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Robert Grosseteste

Philosophy of Intellect and Vision. Academia Verlag

Robert Grosseteste by John Shannon Hendrix
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Robert Grosseteste: Philosophy of Intellect and Vision focuses on two important areas in the philosophy of Robert Grosseteste at the beginning of the thirteenth century: Philosophy of Intellect and Philosophy of Vision. These two areas of Grosseteste’s philosophy have not been thoroughly explored, nor their importance established. Robert Grosseteste was the first chancellor of Oxford University, and Bishop of Lincoln 1235–53. This project aims to contribute to the importance of Robert Grosseteste in the history of philosophy. The project also aims to establish groundwork for further development in these two areas of philosophy. The book is based on readings of im-portant manuscripts by Grosseteste: On Light; On Lines, Angles and Figures; Commentary on the Posterior Analytics; and Hexaemeron. An important part of this project is an examination of the principal sources for Grosseteste’s philosophy: the classical philosophers (Plato, Aristotle, Euclid); the Greek commentators on Aristotle (Alexander of Aphrodisias and Themistius); the Arabic commentators on Aristotle (Alfarabi, Avicenna, Averroes); and the Neoplatonic tradition, which includes the Theology of Aristotle (based on the Enneads of Plotinus), the Liber de Causis (based on the Elements of Theology of Proclus), and the writings of Pseudo-Dionysius. The ex-amination builds upon the work of Grosseteste scholars such as James McEvoy, Richard William Southern, Alistair Cameron Crombie, and Bruce Stansfield Eastwood. It also builds upon the more general work of scholars such as Franz Brentano and Herbert A. Davidson. Certain philoso-phical concepts are developed from previous books which I have written, namely Aesthetics and the Philosophy of Spirit and Platonic Architectonics. Emphasis is placed in the project on the relation between Grosseteste’s philosophies and the previous philosophical influences, as well as subsequent philosophies in the middle ages (particularly the Franciscan School or Oxford School), and the Renaissance to the twentieth century. The philosophies are also considered in relation to the architecture of Lincoln Cathedral. The goal is to demonstrate the importance of Grosseteste in history, and to demonstrate the importance and relevance of the philosophies to the present day, to contribute to contemporary philosophy, and to lay some groundwork for further development in these two important areas of philosophy, Philosophy of Intellect and Philosophy of Vision.
Academia Verlag; February 2012
265 pages; ISBN 9783896655714
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Title: Robert Grosseteste
Author: John Shannon Hendrix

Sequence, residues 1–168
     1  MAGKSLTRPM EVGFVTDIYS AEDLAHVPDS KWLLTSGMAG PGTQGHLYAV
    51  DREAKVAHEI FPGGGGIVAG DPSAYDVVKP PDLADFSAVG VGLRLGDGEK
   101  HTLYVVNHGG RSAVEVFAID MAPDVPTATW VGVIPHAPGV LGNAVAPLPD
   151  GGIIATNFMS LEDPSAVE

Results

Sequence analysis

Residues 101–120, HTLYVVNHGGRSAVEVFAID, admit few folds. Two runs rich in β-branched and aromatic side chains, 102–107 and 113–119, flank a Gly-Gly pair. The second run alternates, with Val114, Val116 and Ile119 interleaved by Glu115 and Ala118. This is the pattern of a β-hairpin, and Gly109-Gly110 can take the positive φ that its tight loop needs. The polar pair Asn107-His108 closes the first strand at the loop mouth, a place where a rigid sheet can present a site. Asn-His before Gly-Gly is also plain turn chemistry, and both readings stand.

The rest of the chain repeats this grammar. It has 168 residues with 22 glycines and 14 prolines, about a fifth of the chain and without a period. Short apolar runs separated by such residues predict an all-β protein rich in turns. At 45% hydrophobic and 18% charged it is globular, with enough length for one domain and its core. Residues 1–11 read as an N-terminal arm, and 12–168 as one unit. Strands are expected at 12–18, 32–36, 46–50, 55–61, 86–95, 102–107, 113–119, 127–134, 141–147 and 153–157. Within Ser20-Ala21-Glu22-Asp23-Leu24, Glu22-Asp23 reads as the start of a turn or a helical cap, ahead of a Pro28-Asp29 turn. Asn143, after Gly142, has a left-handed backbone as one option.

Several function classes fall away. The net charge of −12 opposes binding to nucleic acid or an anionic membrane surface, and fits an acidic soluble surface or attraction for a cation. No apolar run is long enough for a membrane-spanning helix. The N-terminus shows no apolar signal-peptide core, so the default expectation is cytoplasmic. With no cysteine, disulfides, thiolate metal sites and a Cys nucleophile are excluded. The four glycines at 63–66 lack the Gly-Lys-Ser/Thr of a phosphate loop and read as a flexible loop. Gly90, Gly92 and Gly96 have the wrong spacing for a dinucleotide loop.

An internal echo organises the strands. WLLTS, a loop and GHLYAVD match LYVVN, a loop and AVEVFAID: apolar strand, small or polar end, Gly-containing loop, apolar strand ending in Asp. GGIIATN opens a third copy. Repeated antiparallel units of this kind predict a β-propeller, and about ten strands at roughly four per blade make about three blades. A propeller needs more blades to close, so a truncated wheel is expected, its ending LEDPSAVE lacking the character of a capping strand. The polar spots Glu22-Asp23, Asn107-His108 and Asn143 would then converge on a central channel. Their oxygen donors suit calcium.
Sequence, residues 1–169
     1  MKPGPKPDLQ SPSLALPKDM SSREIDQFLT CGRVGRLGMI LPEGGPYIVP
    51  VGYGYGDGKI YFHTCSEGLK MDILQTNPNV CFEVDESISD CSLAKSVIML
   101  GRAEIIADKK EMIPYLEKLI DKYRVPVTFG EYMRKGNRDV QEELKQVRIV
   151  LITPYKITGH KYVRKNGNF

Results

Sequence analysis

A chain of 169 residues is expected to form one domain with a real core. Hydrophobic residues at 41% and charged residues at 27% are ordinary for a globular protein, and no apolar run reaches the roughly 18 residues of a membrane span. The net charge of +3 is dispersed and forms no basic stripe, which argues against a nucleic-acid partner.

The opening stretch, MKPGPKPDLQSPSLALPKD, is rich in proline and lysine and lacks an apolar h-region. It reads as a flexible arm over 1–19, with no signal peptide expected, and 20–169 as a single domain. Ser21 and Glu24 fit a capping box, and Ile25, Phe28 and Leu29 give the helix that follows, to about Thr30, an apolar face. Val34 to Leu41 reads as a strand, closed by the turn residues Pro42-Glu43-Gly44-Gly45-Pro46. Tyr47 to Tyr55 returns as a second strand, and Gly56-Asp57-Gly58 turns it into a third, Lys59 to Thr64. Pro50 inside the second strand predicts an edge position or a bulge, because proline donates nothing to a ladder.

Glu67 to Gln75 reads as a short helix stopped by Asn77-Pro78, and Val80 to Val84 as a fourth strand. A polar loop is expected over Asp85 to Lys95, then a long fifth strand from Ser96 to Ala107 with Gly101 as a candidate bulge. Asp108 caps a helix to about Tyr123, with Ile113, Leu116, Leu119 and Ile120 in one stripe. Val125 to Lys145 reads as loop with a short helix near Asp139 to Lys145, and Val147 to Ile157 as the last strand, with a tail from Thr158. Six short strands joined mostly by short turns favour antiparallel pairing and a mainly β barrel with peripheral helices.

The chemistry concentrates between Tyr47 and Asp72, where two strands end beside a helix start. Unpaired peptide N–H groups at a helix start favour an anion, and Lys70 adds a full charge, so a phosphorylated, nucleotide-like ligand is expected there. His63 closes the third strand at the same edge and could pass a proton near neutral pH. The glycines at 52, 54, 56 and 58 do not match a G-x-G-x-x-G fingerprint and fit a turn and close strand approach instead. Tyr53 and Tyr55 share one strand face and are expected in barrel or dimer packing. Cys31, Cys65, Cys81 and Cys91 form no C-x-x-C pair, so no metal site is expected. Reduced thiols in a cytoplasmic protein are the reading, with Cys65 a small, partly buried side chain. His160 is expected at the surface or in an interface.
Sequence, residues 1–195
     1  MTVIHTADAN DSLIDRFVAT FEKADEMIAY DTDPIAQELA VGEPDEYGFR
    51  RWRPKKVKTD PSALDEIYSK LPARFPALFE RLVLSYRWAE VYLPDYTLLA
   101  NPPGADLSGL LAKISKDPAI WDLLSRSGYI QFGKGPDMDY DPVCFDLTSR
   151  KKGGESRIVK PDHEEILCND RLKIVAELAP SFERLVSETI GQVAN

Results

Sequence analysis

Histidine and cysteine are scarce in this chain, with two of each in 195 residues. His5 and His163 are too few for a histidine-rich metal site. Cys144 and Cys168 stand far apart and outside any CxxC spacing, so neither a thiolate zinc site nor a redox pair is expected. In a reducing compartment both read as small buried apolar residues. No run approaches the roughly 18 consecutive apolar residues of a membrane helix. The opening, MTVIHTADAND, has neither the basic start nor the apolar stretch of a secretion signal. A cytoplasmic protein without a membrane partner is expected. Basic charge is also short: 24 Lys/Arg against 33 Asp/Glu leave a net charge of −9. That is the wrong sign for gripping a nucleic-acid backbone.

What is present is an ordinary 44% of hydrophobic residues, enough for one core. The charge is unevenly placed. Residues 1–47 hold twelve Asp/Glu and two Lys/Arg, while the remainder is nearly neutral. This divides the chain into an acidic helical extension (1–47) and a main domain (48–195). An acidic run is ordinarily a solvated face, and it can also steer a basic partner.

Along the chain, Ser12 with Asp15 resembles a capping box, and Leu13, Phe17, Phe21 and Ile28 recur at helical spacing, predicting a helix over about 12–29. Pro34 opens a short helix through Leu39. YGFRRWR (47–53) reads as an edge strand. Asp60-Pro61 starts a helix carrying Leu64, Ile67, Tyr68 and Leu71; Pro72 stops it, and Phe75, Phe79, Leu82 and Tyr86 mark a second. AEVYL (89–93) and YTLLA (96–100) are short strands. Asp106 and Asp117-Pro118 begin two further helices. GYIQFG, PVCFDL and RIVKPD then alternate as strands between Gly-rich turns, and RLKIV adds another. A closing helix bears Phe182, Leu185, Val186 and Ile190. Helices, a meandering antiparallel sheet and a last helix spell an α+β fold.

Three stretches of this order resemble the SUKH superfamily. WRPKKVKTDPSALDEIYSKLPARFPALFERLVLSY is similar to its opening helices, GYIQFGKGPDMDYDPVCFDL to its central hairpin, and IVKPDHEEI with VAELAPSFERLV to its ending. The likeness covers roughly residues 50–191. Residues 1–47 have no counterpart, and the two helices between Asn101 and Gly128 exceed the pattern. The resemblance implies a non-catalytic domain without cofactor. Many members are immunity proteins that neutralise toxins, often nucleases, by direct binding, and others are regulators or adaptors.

This project aims to contribute to the importance of Grosseteste in the history of philosophy, focusing on two areas of philosophy in particular—philosophy of intellect and philosophy of vision. These two areas of Grosseteste’s philosophy have not been thorougly explored, nor their importance established. The book also establishes groundwork for the further development of these two areas of philosophy. The book is based on a thorough reading of key manuscripts by Grosseteste: De Luce (On Light, 1225–1228); De lineis, angulis et figuris (On lines, angles and figures, c. 1230); Commentarius in Libros Analyticorum Posteriorum (Commentary on the Posterior Analytics, c. 1230); and the Hexaemeron (1237). The book builds upon scholarly work done on Grosseteste, most importantly by Richard William Southern (Robert Grosseteste: The Growth of an English Mind in Medieval Europe), Alistair Cameron Crombie (Robert Grosseteste and the Origins of Experimental Science 1100–1700), Bruce Stansfield Eastwood (The Geometrical Optics of Robert Grosseteste), and James McEvoy (The Philosophy of Robert Grosseteste). With many references to and translations of original Latin sources, the book is intended to be a work of original philosophy and commentary, with a historiography of Grosseteste’s philosophy. The exposition of the philosophy of Grosseteste is developed in relation to precedents and subsequent writers. The purpose of the book is to establish the influences, confluences, and importance of Grosseteste’s philosophies of intellect and vision in relation to precedents and subsequent thought. The book is the product of several years of research carried out as Visiting Professor at the University of Lincoln, in the shadow of the cathedral where Grosseteste was Bishop. The research was undertaken in collaboration with Nicholas Temple, Head of the Architecture School at Lincoln, and Nader El-Bizri, Research Associate at the Institute of Ismaili Studies in London, and Lecturer at the University of Cambridge. The book focuses in particular on the importance in the writings of Grosseteste of ancient Greek philosophy (Anaximander; Plato: Republic, Timaeus, Symposium; Aristotle: De anima; Euclid: Optica, Catoptrica); the Greek commentators on Aristotle (Alexander of Aphrodisias: De anima, De intellectu; Themistius: De anima); the Arabic commentators on Aristotle (Abu Nasr Alfarabi: De intellectu [Risala]; Ibn Sina [Avicenna]: Metaphysica [Shifa: De anima], Liber Naturalis, Najat; Ibn Rushd [Averroes]: Long Commentary on the De anima); and the Neoplatonic tradition (the Theology of Aristotle, the ninth century Arabic translation of the Enneads of Plotinus; Liber de Causis, containing fragments of the Elements of Theology of Proclus; and Grosseteste’s own commentaries on Pseudo-Dionysius: Commentary on the Celestial Hierarchy and Commentary on the Mystical Theology). There are also extended references in the book to the Enneads of Plotinus, the Commentary on the First Book of Euclid’s Elements of Proclus, and the Mystical Theology and Divine Names of Pseudo-Dionysius. Important secondary resources for the Greek and Arabic commentators include Franz Brentano, The Psychology of Aristotle: In Particular His Doctrine of the Active Intellect; and Herbert A. Davidson, Alfarabi, Avicenna, and Averroes, on Intellect. Important secondary resources for the Platonic and Neoplatonic tradition include two of my own books, Platonic Architectonics: Platonic Philosophies and the Visual Arts (for philosophy of vision), and Aesthetics and the Philosophy of Spirit: From Plotinus to Schelling and Hegel (for philosophy of intellect). The variety of sources illustrates the importance of the assimilation of all those traditions by Grosseteste, as Grosseteste’s work led to the Great Synthesis of Albertus Magnus and Thomas Aquinas, and to the development of natural philosophy or scientific philosophy in subsequent generations of the Franciscan School at Oxford (Adam Marsh, Roger Bacon, Duns Scotus, William of Ockham, John Wycliffe), of which Grosseteste is seen as a progenitor. Grosseteste is considered to have founded the Franciscan School, and to have been the first Chancellor of Oxford University. The book also aims to establish the importance of Grosseteste’s philosophy to contemporary philosophy and psychoanalysis, making extended references to more recent figures such as Nicolas Cusanus (De docta ignorantia, De coniecturis, De circuli quadratura); Leon Battista Alberti (De pictura); Piero della Francesca (De prospectiva pingendi); and Marsilio Ficino (Theologia Platonica, De amore) from the Renaissance; Athanasius Kircher (Primitiae gnomonicae catoptricae) and René Descartes (The World, or a Treatise on Light and the Other Principal Objects of the Senses) from the seventeenth century; George Berkeley (An Essay Towards a New Theory of Vision), Immanuel Kant (Critique of Pure Reason), and Johann Gottlieb Fichte (Science of Knowledge) from the eighteenth century; Georg Wilhelm Friedrich Hegel (Phenomenology of Spirit) and Sigmund Freud (The Interpretation of Dreams) from the nineteenth century; and Jacques Lacan (The Four Fundamental Concepts of Psychoanalysis) principally from the twentieth century. There are some short translations in the text of Latin passages from printed versions of the original manuscripts, in the Vatican Library and the British Library. An important consideration of the book is the role that Grosseteste played as Bishop of Lincoln, 1235–53, and the relation of the philosophy to the architecture of Lincoln Cathedral, initiated for the most part during Grosseteste’s bishopric. The forms of the architecture were originated at Lincoln without precedent, and form the basis of the English Gothic architectural vocabulary. Grosseteste’s philosophy, in particular his description of the material world in the terms of mathematics and geometry in his De Lineis, considered to be the first scientific cosmology written since the Timaeus of Plato, his description of the autodiffusion of light in geometrical terms in De Luce, and his description of the ascension of intellect from the material (virtus cogitativa, intellectus passibilis) to the active or actual (virtus intellectiva and intelligentia), provides an explanation for the generation of the architectural forms of the cathedral. Key terms in the investigation of the philosophy of intellect include the virtus cogitativa or intellectus passibilis (material intellect, corresponding to the nous pathetikos of Aristotle, and the Reason Principle of Plotinus as dianoia or discursive thinking), intellectus agens or intellect in habitu (agent intellect), virtus intellectiva (corresponding to the nous poietikos of Aristotle or the Intellectual Principle of Plotinus), and intelligentia (divine intellect), the anima rationalis (rational soul), and the species sensibilis and species apprehensibilis. Key terms in the investigation of the philosophy of vision include the intromission and extramission theories of vision, lux spiritualis (spiritual light), lumen spiritualis (reflected spiritual light), irradiatio spiritualis (the radiation of the spiritual light in the mind), oculus mentis (mind’s eye), phantasia or imaginatio (imagination and picture thinking), species sensibilis (sensible form) and species apprehensibilis (intelligible form). The book is intended for philosophers, scholars and students, of philosophy, intellect, vision, aesthetics, architecture, medieval culture. The hope is that it would be of interest to individual scholars for research, and that it would be of interest for classroom use, in studies or courses in any of these areas. In relation to the previously published books on Grosseteste, this book is intended especially for these areas of study: philosophy of intellect, the Greek and Arabic commentators on Aristotle, philosophy of vision, the Neoplatonic tradition, and aesthetics. The book is intended to supplement books on Grosseteste which focus on biography (Francis Seymour Stevenson, Robert Grosseteste, Bishop of Lincoln), scientific philosophy (Crombie, Eastwood), or theology (Southern, McEvoy). The approach taken represents a development in Grosseteste scholarship, revealing previously unexplored areas of his philosophical development and influence, which should certainly contribute to further establishing his importance in the history of philosophy. The chapter entitled “Philosophy of Intellect” identifies the philosophy of intellect developed by Grosseteste, which should be seen as an important contribution to philosophical development, in relation to classical, medieval, and modern philosophy. Grosseteste first studied at the Cathedral School of Lincoln, serving Bishop Hugh of Lincoln as clerk. In the 1190s Grosseteste was a clerk of the Bishop at Hereford. Texts to which Grosseteste was probably exposed include the Theology of Aristotle, the Fons Vitae of Avicebron, the Metaphysica of Algazel, the Liber de Causis, the De Intellectu of Alkindi, the Risala of Abu Nasr Alfarabi, and the Metaphysica (Shifa: De anima) of Avicenna. In treatises such as the Commentary on the Posterior Analytics and the Hexaemeron, Grosseteste developed a philosophy of intellect, influenced by Greek and Arabic commentaries on Aristotle’s De anima, which contain Neoplatonic influences. In the De anima of Aristotle, Book III, a productive intellect is distinguished from a potential intellect. In the De anima of Alexander of Aphrodisias, the productive intellect is the active intellect (nous poietikos), and the potential intellect is the material intellect (nous hylikos). The material intellect is perfected as intellection (intellectus in habitu) in discursive reason (dianoia), which Grosseteste follows. The nous poietikos is taken as a purely spiritual substance acting on human intellect, as in the intelligentia of Grosseteste, and the First Cause in the Liber de Causis. The capacity for receiving the influence of the nous poietikos is the material intellect, through which knowledge is acquired. “Greek Precedents” further defines and elaborates Grosseteste’s philosophy of intellect in relation to classical philosophy. Grosseteste became familiar with Aristotle, Greek and Arabic scientific treatises, and the Neoplatonism filtered through works such as the Theology of Aristotle, Fons Vitae or Liber de Causis. His most important writings can be seen as a mixture of these three sources. Grosseteste is sometimes credited with being the first Western scholar to incorporate Aristotle into his writings in a significant way, and the scholar who “introduced Aristotle to the West,” rather than Albertus Magnus. Grosseteste’s commentaries on the Posterior Analytics, Physics and Metaphysics are the first in the West, and his writings are filled with citations from treatises by Aristotle such as De Caelo, Meteorologica, De Sensu, De Anima, De Generatione et Corruptione, and De Animalibus, all newly translated. Most importantly, Grosseteste maintained, from Aristotle, that sense experience is necessary for knowledge, but that ultimately a certain type of knowledge can form independently of sense experience. As Bishop of Lincoln, Grosseteste appointed John of Basingstoke as Archdeacon of Leicester. John, who had spent time in Greece, as Chaplain in the Latin Duchy of Athens, and had brought back original Greek texts to England, is believed to have helped Grosseteste with translations from the Greek, which preoccupied him in his early years as Bishop, as suggested by Matthew Paris. John compiled a Greek grammar, the Donatus grecus. Grosseteste is seen as the first prominent figure to promote the learning of Greek in scholarship in England. Knowledge of Greek allowed Grosseteste to focus his attention on translations of the writings of Pseudo-Dionysius after 1235, perhaps between 1240 and 1243, which he must have seen as a way that he could use his bishopric to benefit scholarship, by putting together teams of scholars and translators to produce scholarly works. Grosseteste translated the Celestial Hierarchy, Ecclesiastical Hierarchy, Divine Names, and Mystical Theology of Pseudo-Dionysius. “Arabic Precedents” further defines and elaborates the philosophy of intellect of Grosseteste in relation to medieval philosophy, in particular the Arabic commentators on Aristotle. In the 1190s Robert Grosseteste was a clerk of the Bishop at Hereford. The Cathedral School of Hereford was a center for Arabic learning in the late twelfth century. The important Arabic texts which establish a precedent for the philosophy of intellect of Grosseteste include the Risala of Abu Nasr Alfarabi; the Liber Naturalis (al-Tabi’iyyat), Shifā: De anima and Najat (Salvation) of Avicenna (Ibn Sina); and the Long Commentary on the De anima (Sharh kitab al-nafs) of Averroes (Ibn Rushd). These texts contain a synthesis of Platonic and Aristotelian doctrines, influences of the Greek commentators on Aristotle, Alexander of Aphrodisias and Themistius, and influences of Plotinus and Proclus, all of which Grosseteste seemed to absorb and develop in the treatises in which he formulated a philosophy of intellect, namely the Commentary on the Posterior Analytics and the Hexaemeron. “Philosophy of Vision” defines the philosophy of vision developed by Grosseteste, which, like his philosophy of intellect, has important implications in relation to classical, medieval, and modern philosophy, in particular as it applies to philosophies and theories of vision and perception, aesthetics and artistic production. In De luce seu de inchoatione formarum, the treatise on light written between 1225 and 1228, Grosseteste explains that light is the first corporeal form, the origin of matter. A point of light autodiffuses itself instantaneously into the form of a sphere of any size, the sphere being the geometrical form which encapsulates all structure of matter, from classical philosophy. Light is the first corporeal form because it is without dimension and is the closest “to the forms that exist apart from matter,” meaning the “intelligences” or intelligible forms. By “multiplying itself and diffusing itself instantaneously in every direction,” light introduces “dimension in every direction into matter.” In the same way that light is the first corporeal substance in the universe, light is also the first instrument of the soul, the anima rationalis or the mind, in its effect on the body through the senses. “Geometries” focuses on Grosseteste’s cosmologies, the De Luce and De Lineis, which combine classical philosophical sources with contemporary empirical methods to initiate a new natural or scientific philosophy, that associated with the Franciscan School at Oxford. This essay also considers the relation between Grosseteste’s philosophies and the architecture of Lincoln Cathedral. Such a relation extends the importance of Grosseteste’s writings to medieval culture, and establishes an important interpretation of its artistic and architectural production. After 1225 Grosseteste was lecturing in theology at Oxford. The treatise on light, De Luce, was probably written between 1225 and 1228, and was shortly followed by the Commentary on the Posterior Analytics (Commentarius in Libros Analyticorum Posteriorum) and the De Lineis (Libellus Lincolniensis de Phisicis Lineis Angulis et Figuris), Grosseteste’s most influential treatises, completed before 1233, two years before he became Bishop of Lincoln, while he was lecturing to the Franciscans at Oxford. De Luce combines Greek, Arabic, and Christian theological sources in describing a metaphysics of light. De Lineis was written in combination with De Natura Locorum, which applies the abstract geometries of De Lineis to natural phenomena, and attempts to explain the actions and formation of light and visible phenomena, in particular such actions as reflection, refraction, and rarefaction, through geometry, as they are perceived as an image or species. The virtus of lux, or the power of celestial light, as it becomes rays of light in lumen, or reflected light, is applied to earthly phenomena as it is translated to geometry, perspective, and optics, in a new natural philosophy. The most important treatise of Grosseteste which contains explanations of geometries which can be found in the architecture of Lincoln Cathedral is the De lineis, angulis et figuris. The primary role that geometry plays in this particular treatise is the most important key to formulating an interpretation and understanding of the generation of architectural forms in the cathedral, based in the geometries, as they are related to philosophical concepts. Such an analysis can provide an important level of understanding of the forms of English Gothic architecture, as they are introduced at Lincoln. An English translation of the treatise can be found in a dissertation by Bruce Stansfield Eastwood, The Geometrical Optics of Robert Grosseteste. The treatise can also be found in its original Latin in the British Library: Libellus Linconiensis de Phisicis Lineis Angulis et Figuris per quas omnes Acciones Naturales Complentur. I have given several talks at the University of Lincoln, and three papers on Grosseteste at the Conference on Ancient and Medieval Philosophy at Fordham University: “The Philosophy of Intellect of Robert Grosseteste,” “The Philosophy of Vision of Robert Grosseteste,” and “The Geometries of Robert Grosseteste and the Architecture of Lincoln Cathedral.” A portion of the chapter on geometries appears in another volume written as Professor at the University of Lincoln, Architecture as Cosmology: Lincoln Cathedral and English Gothic Architecture. I presented a paper for the International Society for Neoplatonic Studies, “Neoplatonic Influence in the Writings of Robert Grosseteste,” which was published in an anthology by Academia Verlag, Conversations Platonic and Neoplatonic: Intellect, Soul, and Nature, edited by John Finamore and Robert Berchman. I would like to thank Jürgen Richarz and Holger Drosdek at Academia Verlag for the production of this volume.